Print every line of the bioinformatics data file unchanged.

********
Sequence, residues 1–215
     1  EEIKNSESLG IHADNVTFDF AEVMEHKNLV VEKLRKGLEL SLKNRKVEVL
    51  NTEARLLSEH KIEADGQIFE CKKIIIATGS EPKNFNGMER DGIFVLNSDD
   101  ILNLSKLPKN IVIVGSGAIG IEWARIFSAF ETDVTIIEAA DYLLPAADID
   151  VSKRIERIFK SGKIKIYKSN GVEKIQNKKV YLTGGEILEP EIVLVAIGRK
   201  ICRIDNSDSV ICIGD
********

Sequence, residues 1–215
     1  EEIKNSESLG IHADNVTFDF AEVMEHKNLV VEKLRKGLEL SLKNRKVEVL
    51  NTEARLLSEH KIEADGQIFE CKKIIIATGS EPKNFNGMER DGIFVLNSDD
   101  ILNLSKLPKN IVIVGSGAIG IEWARIFSAF ETDVTIIEAA DYLLPAADID
   151  VSKRIERIFK SGKIKIYKSN GVEKIQNKKV YLTGGEILEP EIVLVAIGRK
   201  ICRIDNSDSV ICIGD